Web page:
With the transition to online classes, the Los Rios Community College District has decided to partially-refund student fees, give students the option of excused withdrawals from classes and offer students a pass/no grading option for all their classes.
Associate Vice Chancellor Gabe Ross said he understands that this is a difficult time for students, and that led the district to make these decisions to add some flexibility.
“We’re doing everything we can to support our students, be as flexible as possible so that students don’t have to put their academics on hold because of COVID-19, so we’ll keep working around the clock to support our students,” said Ross.
LRCCD has refunded 56% of student fees, including for parking passes and the health service fee, and those refunds have been sent out through mail, said Ross.
In regards to excused withdrawals, the first scenario where a student could receive one is due to their class being canceled or that it did not transition to online.
“If a student’s class was canceled those students will receive an excused withdrawal automatically, they don’t have to do anything,” said Ross.
The other scenario where a student can receive an excused withdrawal is when a student is unable to participate in the class due to complications like not having a computer at home or struggling to engage in this new online environment, said Ross.
Although this can help a student, it can also bring some negatives as well, said Ross.
“The pros of an excused withdrawal is the refund element, which is nice for students and there wouldn’t be an impact on future financial aid,” said Ross. “A regular withdrawal would harm a student’s academic progress and would show up on future financial aid applications, while an excused withdrawal will not and will be as if the student never took the class.”
As far as the negatives of an excused withdrawal, students will not receive credit for that class.
“A student who is near to graduation or transferring and they need those units, then they would have to re-take that class or another class that meets that requirement,” said Ross.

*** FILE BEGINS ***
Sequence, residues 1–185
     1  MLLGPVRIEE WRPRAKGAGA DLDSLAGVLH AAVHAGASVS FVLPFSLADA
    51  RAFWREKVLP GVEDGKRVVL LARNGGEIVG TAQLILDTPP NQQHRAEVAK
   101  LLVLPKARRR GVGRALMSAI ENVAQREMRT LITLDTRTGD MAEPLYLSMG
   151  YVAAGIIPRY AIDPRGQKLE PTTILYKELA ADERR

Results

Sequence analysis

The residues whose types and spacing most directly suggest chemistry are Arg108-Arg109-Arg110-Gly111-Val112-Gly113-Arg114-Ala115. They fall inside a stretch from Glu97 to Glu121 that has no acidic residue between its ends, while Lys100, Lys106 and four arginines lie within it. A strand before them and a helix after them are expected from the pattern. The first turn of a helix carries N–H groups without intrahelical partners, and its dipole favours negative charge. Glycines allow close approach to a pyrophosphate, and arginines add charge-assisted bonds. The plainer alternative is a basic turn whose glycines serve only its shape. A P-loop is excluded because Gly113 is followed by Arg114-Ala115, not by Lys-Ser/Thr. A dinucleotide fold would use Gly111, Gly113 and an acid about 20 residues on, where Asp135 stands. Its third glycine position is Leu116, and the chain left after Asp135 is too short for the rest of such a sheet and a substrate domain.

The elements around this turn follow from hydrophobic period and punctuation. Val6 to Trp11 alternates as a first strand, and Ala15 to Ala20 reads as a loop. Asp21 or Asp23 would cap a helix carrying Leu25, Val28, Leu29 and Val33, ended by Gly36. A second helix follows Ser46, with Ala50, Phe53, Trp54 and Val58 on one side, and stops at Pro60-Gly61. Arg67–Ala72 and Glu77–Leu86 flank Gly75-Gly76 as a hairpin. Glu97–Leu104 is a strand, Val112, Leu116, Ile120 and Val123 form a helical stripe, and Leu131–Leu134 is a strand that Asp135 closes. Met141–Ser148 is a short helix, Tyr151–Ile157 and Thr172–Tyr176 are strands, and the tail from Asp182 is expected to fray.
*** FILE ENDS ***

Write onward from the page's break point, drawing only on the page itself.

Despite this, Ross said he believes it’s important to have this option for students now that class has moved to an online format.
“Certainly we want all our students to reach their academic goals, so not getting credit for classes they enrolled in is far from ideal, but we also know that there are extraordinary circumstances that we want to provide as much flexibility as possible,” said Ross.
As for the pass/no pass option, this used to be an option that could only be used for one class a semester and also had an earlier deadline, but now it has been modified to be used for as many classes as a student would like and also has a deadline of Wednesday, May 20, which is the last day of the spring semester, said Ross.
“If you’re struggling in a class, you should definitely consider the pass/no pass option rather than dropping a class,” said Athletic Counselor Matthew Wohl. “If you get a no pass for a class then it doesn’t affect your GPA.”
The negative effects that could come with choosing a pass/no pass option for a class, is running the risk that transfer schools will not accept the pass option credits.
“The huge caveat with pass/no pass is that for major courses a lot of our transfer partners like CSU and UC don’t accept pass/no pass classes,” said Ross. “We strongly encourage anyone taking a pass/no pass class to talk to their counselor before they do that because we wouldn’t want them to do that, thinking it would be easier to complete, only to find out later that they can’t transfer those units.”
For 22-year-old construction management major Manuel Godinez, the district’s decision to implement excused withdrawals was a relief.
“It’s a big relief that they are going to convert the withdrawals into excused withdrawals,” said Godinez. “That way it doesn’t affect our transcripts negatively.”
Godinez said he had dropped one of his construction classes due to the course not being the same online.
“The fact that the school is doing their part and allowing us to get an excused withdrawal is good,” said Godinez. “Some people don’t have access to the internet and that affects them.”